Sunday, August 1, 2010

Task 6: Human Centered Design

Video Review and Reflection:

It is important as a designer to keep in the know with the ever-changing world of design. The constant development of new and better ideas, or even an alteration in the approach to design itself. The Video Human Centred Design featuring David Kelley is a good representation of some of the changing designs and design philosophies within the commercial market as we see it today. Within the video, produced by New Talks Each Week the concept of human centred design is discussed. As an industrial designer, this would be a beneficial video to view, as it gives an interesting insight into some of the more recent developments and directions of products and design styles within the design world.

A number of new products are analysed within the video. I feel that one of the most innovative designs was the RF tags and scan devices created for use within Prada stores. This retail product aimed to possess a cultural role. For this product, scanner devices are made available throughout the store for use by both customers and staff. By scanning items of clothing, the user of the device is able to gain a more detailed level of knowledge by viewing related product information displayed on LCD screens throughout the store. The interaction between the customer and the clothing represents the affective generation of a human-centered product.

Another suave human-centred design developed for Prada is the magic mirrors within the change rooms. This mirror design allows the customer to view themselves from the back by having a three second delay within the display. Not only does this design effectively solve one of the dilemmas experienced by every individual when trying on clothing, it represents human interaction with the design. My personal discovery of these designs has not only broadened my knowledge of recently developed products, but has created a myriad of ideas within my creative design potential.

Spyfish was a new product design that had my attention 'hooked' throughout the entire product promotion. The design consists of two cameras built into one device to effectively allow the user to scuba dive without getting wet. Controlled by a wireless remote, the camera is simply thrown off the side of a boat and navigated to a depth and compass setting of choice. The only restriction of this design was a maximum depth of 500 feet. With built-in lights, a view of the underwater world can be experienced by users in whatever light conditions. I found this a very interesting design concept, especially as it had been advertised as a consumer product rather than a research tool.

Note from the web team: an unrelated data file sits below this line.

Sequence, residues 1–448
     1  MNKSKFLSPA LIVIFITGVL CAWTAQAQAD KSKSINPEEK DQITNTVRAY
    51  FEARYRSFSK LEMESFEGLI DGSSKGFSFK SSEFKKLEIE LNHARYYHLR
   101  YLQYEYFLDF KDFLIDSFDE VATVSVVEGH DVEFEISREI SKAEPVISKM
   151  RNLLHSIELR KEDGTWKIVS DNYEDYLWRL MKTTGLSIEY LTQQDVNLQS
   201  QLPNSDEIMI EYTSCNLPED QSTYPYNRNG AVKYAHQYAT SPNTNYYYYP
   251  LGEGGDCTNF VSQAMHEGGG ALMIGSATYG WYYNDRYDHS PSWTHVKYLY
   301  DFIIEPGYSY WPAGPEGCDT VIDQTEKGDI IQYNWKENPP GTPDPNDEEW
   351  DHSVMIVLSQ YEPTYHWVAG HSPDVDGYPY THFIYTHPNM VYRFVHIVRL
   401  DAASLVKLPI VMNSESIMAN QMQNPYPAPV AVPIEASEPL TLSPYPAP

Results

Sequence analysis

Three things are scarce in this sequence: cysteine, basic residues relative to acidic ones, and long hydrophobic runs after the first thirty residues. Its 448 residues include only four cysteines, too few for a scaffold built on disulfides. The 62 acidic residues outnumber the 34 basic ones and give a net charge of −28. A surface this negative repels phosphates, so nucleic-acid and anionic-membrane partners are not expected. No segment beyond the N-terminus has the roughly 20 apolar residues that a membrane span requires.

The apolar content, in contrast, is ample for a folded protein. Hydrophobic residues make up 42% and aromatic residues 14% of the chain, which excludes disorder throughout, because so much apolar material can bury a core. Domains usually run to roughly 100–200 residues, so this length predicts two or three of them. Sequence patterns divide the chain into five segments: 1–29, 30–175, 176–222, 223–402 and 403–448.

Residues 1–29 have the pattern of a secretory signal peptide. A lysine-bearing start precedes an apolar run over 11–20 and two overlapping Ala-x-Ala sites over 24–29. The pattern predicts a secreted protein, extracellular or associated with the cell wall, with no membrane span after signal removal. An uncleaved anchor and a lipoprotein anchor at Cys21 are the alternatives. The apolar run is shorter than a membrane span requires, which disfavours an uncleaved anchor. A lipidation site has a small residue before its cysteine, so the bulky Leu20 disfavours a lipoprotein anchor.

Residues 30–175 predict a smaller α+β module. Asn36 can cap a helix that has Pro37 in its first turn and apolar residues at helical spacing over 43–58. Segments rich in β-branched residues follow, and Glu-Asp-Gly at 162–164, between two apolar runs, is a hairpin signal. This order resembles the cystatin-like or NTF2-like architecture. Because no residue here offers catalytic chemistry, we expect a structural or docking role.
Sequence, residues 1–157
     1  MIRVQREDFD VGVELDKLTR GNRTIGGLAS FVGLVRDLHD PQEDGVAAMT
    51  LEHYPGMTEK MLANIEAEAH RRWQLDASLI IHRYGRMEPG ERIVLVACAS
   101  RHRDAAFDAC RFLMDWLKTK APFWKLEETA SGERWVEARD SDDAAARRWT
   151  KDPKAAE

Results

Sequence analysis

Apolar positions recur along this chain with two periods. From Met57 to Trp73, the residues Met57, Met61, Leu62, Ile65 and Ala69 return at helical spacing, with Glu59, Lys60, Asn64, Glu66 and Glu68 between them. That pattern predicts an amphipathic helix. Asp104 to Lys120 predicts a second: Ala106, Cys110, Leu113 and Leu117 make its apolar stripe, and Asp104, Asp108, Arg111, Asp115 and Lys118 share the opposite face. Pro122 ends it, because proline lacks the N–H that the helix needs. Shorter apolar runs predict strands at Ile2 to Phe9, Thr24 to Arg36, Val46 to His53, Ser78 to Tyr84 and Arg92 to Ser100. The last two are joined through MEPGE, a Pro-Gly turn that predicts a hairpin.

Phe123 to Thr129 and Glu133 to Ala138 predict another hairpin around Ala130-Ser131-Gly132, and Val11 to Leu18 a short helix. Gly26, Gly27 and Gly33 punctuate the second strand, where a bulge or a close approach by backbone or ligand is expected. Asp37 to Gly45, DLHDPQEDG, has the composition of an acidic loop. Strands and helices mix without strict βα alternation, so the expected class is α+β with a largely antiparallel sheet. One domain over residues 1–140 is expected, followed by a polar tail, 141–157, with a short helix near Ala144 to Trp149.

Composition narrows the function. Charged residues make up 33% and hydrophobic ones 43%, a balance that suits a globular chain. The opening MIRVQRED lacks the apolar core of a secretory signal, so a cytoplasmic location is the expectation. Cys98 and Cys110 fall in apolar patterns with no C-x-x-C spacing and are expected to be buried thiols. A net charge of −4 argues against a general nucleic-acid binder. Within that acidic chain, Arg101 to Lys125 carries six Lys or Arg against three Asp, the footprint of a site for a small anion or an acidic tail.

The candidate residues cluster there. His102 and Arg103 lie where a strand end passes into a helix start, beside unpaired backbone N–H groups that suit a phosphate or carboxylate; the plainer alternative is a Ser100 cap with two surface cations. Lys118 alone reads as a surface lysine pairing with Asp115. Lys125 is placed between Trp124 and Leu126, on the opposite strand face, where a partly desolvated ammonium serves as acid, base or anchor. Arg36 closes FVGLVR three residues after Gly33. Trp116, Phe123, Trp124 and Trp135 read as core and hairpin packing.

A design for a deep well, low cost manual pump was discussed within the video. Developed for the use of farmers in Kenya, this product allowed the growth of crops during the dry seasons when the lack of rain had previously restricted crop production. I found this appealing as this was a design being produced on wide-scale production at low cost, to help people in countries who would otherwise not have a solution to their food shortages. Human initiative is reflected through this design with the consideration of a human-centred influence.

Through the viewing of the video Human Centred Design, a better understanding of different concepts and ideas within products available on the commercial market can gained. A strong influence of human centred design can be recognised throughout each of the products presented within the show, representing how the consideration of behaviours and personalities have been incorporated into the different designs. As a result of successful design and design approaches, designers are becoming further integrated into the business strategies of companies.

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